Feeding lavender: when, how much & what fertiliser?


I am currently studying agricultural and food economics. As a keen hobby gardener, plants take up most of my free time. A few years ago, I got especially interested in herbs, which is why I completed my studies to become a certified herbalist in 2018.

Favourite fruit: apples, cherries
Favourite vegetables: potatoes, fennel

Lavender is accustomed to poor soil. Find out here if it still needs fertilising and if your lavender requires lime.

Putting fertiliser on a lavender plant
Lavender is a fairly undemanding plant, but can grow even better with fertilisation [Photo: bane.m/ Shutterstock.com]

The real lavender (Lavandula angustifolia) is not very demanding of the soil in which it is planted and does not need much to take root. Its native habitat is in the Mediterranean region, which is why it is accustomed to arid, nutrient-poor and stony soils. Below, we show how you can still give your purple darling a little help by fertilising.

Should you feed lavender at all and, if so, when? What fertilisers are suitable for lavender and how best to proceed with fertilisation? We have summarised the answers to these questions for you in this article.

Why fertilise lavender?

Like any other plant, lavender needs adequate nutrients to thrive. In its original home, the coastal regions of the Mediterranean, it grows on dry and rocky slopes. So basically, the Mediterranean herb prefers nutrient-poor soil. Therefore, do not fertilise too much otherwise the lavender will be sensitive to frost and will lignify faster. In the worst case, overfertilisation can even lead to the death of the plant. Therefore, you should know the exact requirements of lavender. By fertilising as needed, the lavender will thank you with magnificent growth and many fragrant flowers.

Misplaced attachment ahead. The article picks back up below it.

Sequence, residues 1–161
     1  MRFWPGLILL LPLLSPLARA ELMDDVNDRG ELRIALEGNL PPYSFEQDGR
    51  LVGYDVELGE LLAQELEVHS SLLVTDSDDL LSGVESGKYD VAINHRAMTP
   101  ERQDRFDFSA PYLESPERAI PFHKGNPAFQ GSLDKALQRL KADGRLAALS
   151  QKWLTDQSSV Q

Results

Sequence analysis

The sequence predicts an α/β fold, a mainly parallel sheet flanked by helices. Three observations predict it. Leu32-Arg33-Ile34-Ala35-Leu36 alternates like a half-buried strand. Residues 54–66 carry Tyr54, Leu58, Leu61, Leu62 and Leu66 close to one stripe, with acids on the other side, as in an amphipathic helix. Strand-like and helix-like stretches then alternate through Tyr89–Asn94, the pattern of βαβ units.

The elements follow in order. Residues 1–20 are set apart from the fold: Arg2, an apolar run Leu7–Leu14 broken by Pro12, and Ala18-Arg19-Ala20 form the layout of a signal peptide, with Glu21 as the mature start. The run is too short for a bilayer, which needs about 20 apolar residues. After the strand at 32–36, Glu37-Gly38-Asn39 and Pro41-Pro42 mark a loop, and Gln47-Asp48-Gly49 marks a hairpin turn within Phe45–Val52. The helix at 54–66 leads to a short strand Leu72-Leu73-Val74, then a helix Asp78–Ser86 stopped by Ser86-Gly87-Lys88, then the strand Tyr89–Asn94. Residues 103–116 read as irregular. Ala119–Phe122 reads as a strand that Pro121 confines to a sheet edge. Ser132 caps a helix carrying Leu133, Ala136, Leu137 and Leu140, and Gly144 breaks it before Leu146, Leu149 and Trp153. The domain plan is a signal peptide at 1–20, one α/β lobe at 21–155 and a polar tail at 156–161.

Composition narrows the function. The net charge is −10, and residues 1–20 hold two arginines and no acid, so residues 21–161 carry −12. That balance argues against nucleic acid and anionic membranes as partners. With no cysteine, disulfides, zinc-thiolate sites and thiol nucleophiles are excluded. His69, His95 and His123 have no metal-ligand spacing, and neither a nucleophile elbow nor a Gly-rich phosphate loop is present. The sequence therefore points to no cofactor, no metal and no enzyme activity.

Lavender plant field
Lavender prefers nutrient-poor, rocky soil [Photo: Catalin Petolea/ Shutterstock.com]

Feeding lavender: when and how often?

In general, lavender does not really need fertilisation as it is accustomed to nutrient-poor soils. Regular fertilising is therefore by no means necessary and can even be rather harmful. With an excess of nutrients, the shoots shoot through and the lavender loses its winter hardiness. It also becomes more susceptible to pest infestation. One-time fertilisation by preparing the bed before planting is more than enough. In subsequent years, an annual application of fertiliser at the beginning of the growth phase (March/April) is sufficient. It is best to use plant food with a long-term effect, such as our Plantura All Purpose Plant Food. These provide your lavender with sufficient nutrients in the long term and are also particularly gentle on plants, soil and animals in the garden.

All Purpose Plant Food, 1.5kg
All Purpose Plant Food, 1.5kg
  • Perfect for a variety of plants in the garden & on the balcony
  • Promotes healthy plant growth & an active soil life
  • Long-lasting fertiliser that is free from animal products - child & pet friendly

For lavender grown in pots, an additional second fertilisation at the beginning of summer (end of June/beginning of July) will provide optimum support for your lavender. Also, when growing in pots, be sure to replant the lavender annually in a larger pot and top it off with fresh substrate.

Summary: When to feed lavender?

  • When planting
  • Basic fertilisation in spring (March/April)
  • Second fertilisation (June/July) in pot culture
A bouquet of lavender in a white jug
It is enough to fertilise the lavender bed once [Photo: Kotkoa/ Shutterstock.com]

Feeding lavender: the best fertiliser

There are several options available for fertilising your lavender as needed. In addition to the use of organic fertilisers and mineral fertilisers, you can also support the development of the Mediterranean herb with natural fertilisers.

Fertilising lavender organically

If you want to fertilise your lavender with your own compost, a single application in late autumn or early spring is quite sufficient. However, fertilisers containing nitrogen, such as rotted manure, should be used sparingly. It is better to completely avoid mulching, for example, with lawn clippings. The organic mulch material retains too much moisture, which is not at all to the liking of lavender, which does not tolerate waterlogging.

If you do not have natural fertilisers available in your own garden, you can also use natural slow-release fertilisers from specialist stores. These have many advantages when fertilising lavender, for example: